Professor Yanyong Zhang Elevated to IEEE Fellow

 The IEEE Board of Directors, at its November 2017 meeting, elevated Professor Yanyong Zhang to IEEE Fellow, effective 1 January 2018, with the following citation:

"for contributions to robust and efficient large-scale sensor networks".

Each year, following a rigorous evaluation procedure, the IEEE Fellow Committee recommends a select group of recipients for elevation to IEEE Fellow. Less than 0.1% of voting members are selected annually for this member grade elevation. 

Congratulations on this outstanding recognition of professional achievement, Yanyong!

Mehdi Rahmati and Dario Pompili win best paper award at the 2017 IEEE International Conference on Mobile Ad Hoc Sensor Networks (MASS)

ECE PhD student Mehdi Rahmati and Professor Dario Pompili received the Best Paper Award at the IEEE International Conference on Mobile Ad hoc and Sensor Systems (MASS-2017).  Their paper titled “SSFB: Signal-Space-Frequency Beamforming for Underwater Acoustic Video Transmission” was presented at the conference which was held in Orlando, FL, on October 22-25, 2017.

IEEE MASS is a premier, annual forum for sharing original, novel ideas in mobile ad hoc networks and wireless sensor networks, defined broadly. Wireless ad hoc communications, Internet of Things, and mobile computing are increasingly being used in civilian and military applications in homes and businesses, cities and rural areas, sea and space. Wireless sensor and actuator networks are being widely deployed for enhancing industrial processes and management, for various forms of environmental monitoring and control, and for improving quality of life. Sponsored by the IEEE Computer Society, IEEE MASS brings together researchers, developers, and practitioners to address recent advances in mobile ad-hoc and sensor-actuator systems, covering algorithms, theories, systems, protocols, applications, experiments, and testbeds.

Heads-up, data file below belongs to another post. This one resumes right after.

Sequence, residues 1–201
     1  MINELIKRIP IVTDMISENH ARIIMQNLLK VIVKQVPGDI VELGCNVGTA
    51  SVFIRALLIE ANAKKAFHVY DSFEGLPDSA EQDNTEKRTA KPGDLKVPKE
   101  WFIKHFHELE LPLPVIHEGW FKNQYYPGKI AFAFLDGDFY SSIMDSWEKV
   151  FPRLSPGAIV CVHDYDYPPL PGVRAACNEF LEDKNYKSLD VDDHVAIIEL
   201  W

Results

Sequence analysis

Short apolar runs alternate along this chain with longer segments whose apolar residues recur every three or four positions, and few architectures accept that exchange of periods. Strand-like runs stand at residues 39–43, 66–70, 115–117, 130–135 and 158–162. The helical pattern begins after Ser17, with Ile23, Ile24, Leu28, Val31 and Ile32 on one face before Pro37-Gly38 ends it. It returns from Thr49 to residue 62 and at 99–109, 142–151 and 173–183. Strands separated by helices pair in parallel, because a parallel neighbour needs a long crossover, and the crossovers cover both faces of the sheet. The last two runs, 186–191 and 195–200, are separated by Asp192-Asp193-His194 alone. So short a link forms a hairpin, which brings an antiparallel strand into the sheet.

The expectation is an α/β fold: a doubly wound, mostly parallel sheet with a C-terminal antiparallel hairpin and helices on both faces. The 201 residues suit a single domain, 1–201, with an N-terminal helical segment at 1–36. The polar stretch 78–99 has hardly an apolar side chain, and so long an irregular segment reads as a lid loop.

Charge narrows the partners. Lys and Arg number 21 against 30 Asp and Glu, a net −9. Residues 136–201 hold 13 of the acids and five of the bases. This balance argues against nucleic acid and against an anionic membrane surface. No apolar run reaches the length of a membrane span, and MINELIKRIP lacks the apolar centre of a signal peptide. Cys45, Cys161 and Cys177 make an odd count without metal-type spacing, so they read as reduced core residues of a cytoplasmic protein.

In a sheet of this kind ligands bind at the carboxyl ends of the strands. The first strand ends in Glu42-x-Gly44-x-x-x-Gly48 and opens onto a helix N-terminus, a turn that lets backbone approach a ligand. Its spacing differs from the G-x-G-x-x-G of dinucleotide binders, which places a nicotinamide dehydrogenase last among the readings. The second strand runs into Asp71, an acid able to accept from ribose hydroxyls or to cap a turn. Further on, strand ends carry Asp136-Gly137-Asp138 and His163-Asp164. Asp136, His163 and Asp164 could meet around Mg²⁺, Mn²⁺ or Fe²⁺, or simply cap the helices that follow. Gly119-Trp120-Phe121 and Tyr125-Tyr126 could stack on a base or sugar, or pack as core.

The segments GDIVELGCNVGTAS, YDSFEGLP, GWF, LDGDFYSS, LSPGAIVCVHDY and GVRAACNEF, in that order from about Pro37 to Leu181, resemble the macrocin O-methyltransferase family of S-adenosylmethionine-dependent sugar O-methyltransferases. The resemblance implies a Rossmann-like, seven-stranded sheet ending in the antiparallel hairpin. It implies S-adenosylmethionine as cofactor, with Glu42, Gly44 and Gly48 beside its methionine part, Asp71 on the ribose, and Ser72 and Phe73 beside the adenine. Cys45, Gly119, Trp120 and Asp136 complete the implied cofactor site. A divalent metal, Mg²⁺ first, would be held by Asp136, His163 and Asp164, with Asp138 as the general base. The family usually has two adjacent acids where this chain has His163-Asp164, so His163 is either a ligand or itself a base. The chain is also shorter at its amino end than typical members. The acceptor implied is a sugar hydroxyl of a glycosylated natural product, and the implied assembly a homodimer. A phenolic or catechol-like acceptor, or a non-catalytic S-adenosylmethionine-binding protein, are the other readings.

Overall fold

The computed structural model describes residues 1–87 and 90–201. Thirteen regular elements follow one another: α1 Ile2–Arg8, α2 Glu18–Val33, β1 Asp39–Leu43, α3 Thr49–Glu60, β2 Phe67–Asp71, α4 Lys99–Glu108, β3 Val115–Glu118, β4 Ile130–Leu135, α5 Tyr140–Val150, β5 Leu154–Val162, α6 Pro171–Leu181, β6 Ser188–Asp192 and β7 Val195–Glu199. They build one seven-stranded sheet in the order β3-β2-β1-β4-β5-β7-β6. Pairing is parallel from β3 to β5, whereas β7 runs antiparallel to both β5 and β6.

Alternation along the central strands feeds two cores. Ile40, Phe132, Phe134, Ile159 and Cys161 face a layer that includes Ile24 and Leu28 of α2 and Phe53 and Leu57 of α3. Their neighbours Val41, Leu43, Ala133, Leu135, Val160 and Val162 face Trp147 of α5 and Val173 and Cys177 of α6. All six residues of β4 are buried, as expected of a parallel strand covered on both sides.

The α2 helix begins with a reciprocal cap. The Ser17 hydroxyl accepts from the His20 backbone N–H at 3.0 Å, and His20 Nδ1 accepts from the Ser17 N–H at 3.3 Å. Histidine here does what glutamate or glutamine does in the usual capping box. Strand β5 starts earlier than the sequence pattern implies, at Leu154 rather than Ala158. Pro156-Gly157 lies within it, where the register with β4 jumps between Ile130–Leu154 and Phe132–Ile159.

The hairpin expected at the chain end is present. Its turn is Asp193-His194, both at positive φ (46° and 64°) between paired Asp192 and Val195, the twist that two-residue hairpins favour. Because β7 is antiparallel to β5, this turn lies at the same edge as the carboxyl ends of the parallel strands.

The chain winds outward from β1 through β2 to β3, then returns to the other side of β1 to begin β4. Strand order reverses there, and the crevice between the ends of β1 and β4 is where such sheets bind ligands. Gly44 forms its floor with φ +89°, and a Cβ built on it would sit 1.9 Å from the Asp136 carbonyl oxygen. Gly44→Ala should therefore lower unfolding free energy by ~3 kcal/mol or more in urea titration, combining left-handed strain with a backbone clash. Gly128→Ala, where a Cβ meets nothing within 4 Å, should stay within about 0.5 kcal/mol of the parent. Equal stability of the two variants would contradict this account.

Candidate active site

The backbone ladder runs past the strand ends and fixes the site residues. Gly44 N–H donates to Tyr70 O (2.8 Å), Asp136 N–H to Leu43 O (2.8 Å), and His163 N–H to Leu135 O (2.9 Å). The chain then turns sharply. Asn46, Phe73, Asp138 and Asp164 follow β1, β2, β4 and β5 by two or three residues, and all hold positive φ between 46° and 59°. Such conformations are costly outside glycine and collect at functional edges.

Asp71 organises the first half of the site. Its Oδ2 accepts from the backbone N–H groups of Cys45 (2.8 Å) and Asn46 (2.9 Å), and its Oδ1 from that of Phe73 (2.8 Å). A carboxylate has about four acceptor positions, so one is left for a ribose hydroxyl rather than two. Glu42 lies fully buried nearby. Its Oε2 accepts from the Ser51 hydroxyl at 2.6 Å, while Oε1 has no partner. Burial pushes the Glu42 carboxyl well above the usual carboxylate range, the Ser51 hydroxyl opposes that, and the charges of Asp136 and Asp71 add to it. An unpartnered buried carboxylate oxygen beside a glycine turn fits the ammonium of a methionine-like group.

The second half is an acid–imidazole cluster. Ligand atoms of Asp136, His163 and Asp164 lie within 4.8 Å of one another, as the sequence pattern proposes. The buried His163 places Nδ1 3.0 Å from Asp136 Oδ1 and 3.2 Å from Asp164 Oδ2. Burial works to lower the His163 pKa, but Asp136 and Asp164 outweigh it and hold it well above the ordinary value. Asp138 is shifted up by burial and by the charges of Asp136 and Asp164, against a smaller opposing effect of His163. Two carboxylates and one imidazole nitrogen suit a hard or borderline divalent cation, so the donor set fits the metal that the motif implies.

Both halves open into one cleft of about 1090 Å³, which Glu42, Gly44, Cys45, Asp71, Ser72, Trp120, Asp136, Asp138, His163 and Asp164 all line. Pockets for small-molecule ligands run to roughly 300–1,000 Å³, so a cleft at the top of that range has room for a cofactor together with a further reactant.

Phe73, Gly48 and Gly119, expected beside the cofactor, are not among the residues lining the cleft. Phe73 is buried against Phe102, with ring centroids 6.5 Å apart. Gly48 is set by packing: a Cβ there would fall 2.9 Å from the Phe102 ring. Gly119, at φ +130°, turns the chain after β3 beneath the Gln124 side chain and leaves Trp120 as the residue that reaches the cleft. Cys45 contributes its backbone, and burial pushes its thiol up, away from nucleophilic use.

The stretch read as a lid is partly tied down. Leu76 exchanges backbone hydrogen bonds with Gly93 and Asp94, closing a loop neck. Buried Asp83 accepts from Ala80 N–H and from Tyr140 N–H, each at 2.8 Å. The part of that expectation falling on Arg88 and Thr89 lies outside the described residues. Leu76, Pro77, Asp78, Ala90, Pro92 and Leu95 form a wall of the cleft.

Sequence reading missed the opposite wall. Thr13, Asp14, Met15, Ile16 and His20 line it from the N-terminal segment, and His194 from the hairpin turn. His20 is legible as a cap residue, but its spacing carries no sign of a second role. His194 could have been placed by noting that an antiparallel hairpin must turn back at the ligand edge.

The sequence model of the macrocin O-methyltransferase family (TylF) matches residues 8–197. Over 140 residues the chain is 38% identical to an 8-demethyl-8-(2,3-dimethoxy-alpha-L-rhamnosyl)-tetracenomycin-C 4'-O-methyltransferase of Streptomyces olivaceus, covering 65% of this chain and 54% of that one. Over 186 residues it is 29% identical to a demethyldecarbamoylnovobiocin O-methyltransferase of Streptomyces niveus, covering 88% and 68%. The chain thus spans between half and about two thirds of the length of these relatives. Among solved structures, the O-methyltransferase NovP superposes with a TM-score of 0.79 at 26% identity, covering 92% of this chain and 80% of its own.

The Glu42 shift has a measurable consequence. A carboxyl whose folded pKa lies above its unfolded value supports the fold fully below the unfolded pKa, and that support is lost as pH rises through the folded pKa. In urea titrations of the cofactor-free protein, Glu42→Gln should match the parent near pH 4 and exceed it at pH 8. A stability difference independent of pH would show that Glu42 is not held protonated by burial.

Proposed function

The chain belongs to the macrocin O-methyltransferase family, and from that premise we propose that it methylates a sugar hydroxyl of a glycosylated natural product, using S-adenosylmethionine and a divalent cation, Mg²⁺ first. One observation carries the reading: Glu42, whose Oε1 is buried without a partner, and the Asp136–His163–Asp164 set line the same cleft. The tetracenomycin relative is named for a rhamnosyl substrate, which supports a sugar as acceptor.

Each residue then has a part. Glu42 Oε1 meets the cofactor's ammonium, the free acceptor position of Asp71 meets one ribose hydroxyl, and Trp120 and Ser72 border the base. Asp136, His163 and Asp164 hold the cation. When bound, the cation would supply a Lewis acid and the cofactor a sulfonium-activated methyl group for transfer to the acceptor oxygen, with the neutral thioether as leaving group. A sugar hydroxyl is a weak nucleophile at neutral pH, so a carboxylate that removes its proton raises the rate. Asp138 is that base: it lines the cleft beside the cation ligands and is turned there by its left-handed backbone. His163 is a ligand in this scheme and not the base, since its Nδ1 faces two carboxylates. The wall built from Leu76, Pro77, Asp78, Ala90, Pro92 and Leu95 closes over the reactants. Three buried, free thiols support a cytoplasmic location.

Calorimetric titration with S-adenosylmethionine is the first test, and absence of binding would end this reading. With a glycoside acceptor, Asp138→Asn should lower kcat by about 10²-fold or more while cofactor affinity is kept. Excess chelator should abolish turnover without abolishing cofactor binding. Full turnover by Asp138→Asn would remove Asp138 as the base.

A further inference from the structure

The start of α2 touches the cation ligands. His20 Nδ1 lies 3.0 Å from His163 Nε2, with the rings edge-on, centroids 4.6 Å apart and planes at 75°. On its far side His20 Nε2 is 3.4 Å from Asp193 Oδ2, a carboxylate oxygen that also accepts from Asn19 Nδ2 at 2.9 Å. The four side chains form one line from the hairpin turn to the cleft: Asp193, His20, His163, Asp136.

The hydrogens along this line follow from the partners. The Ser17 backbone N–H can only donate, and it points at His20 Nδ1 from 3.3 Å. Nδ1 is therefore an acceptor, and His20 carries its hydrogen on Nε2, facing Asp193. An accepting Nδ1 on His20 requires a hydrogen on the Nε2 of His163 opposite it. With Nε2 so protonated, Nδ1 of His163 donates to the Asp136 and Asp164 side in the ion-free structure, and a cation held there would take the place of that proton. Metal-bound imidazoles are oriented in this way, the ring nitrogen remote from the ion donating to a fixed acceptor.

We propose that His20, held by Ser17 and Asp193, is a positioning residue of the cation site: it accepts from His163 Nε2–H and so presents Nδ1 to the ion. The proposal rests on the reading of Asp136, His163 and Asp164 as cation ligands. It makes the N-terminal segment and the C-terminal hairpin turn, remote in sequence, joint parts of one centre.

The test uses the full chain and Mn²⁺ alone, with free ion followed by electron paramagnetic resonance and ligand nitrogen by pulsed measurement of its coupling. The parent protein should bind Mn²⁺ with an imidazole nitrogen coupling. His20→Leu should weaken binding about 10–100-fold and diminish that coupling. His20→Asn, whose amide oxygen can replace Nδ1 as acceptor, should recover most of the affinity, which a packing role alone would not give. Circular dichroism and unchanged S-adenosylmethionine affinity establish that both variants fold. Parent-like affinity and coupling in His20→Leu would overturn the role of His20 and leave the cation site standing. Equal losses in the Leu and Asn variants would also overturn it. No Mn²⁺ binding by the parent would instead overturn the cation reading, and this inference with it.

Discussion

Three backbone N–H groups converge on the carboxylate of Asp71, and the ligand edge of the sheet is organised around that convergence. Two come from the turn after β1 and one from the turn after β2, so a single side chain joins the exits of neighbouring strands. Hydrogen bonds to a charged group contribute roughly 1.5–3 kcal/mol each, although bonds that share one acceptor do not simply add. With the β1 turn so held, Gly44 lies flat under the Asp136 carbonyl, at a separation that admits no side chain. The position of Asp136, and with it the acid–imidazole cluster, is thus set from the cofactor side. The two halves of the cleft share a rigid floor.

The paper is available at this link. A photo of the winners with their award is here.

Congratulations to Dario and Mehdi on this accomplishment!

Good Vibrations: Smart Access to Homes and Cars Using Fingers

Good Vibrations: Smart Access to Homes and Cars Using Fingers

Rutgers engineers create VibWrite, a finger vibration-based security system

 
“Good, good, good, good vibrations” goes the catchy Beach Boys song, a big hit in 1966 and beyond.

Now Rutgers engineers have created VibWrite, a smart access system that senses finger vibrations to verify users. The low-cost security system could eventually be used to gain access to homes, apartment buildings, cars, appliances – anything with a solid surface.

“Everyone’s finger bone structure is unique, and their fingers apply different pressures on surfaces, so sensors that detect subtle physiological and behavioral differences can identify and authenticate a person,” said Yingying (Jennifer) Chen, a professor in the Department of Electrical and Computer Engineering at Rutgers UniversityNew Brunswick.

Chen is senior author of a peer-reviewed paper on VibWrite that was published online today at the ACM Conference on Computer and Communications Security, a flagship annual event of the Association for Computing Machinery (ACM). The international conference in Dallas, Texas, convenes information security researchers, practitioners, developers and users who explore cutting-edge research. VibWrite paper co-authors include Jian Liu and Chen Wang, doctoral students who work with Chen, and Nitesh Saxena, an associate professor at the University of Alabama at Birmingham.

The market for smart security access systems is expected to grow rapidly, reaching nearly $10 billion by 2022, the paper says. Today’s smart security access systems mainly rely on traditional techniques that use intercoms, cameras, cards or fingerprints to authenticate users. But these systems require costly equipment, complex hardware installation and diverse maintenance needs.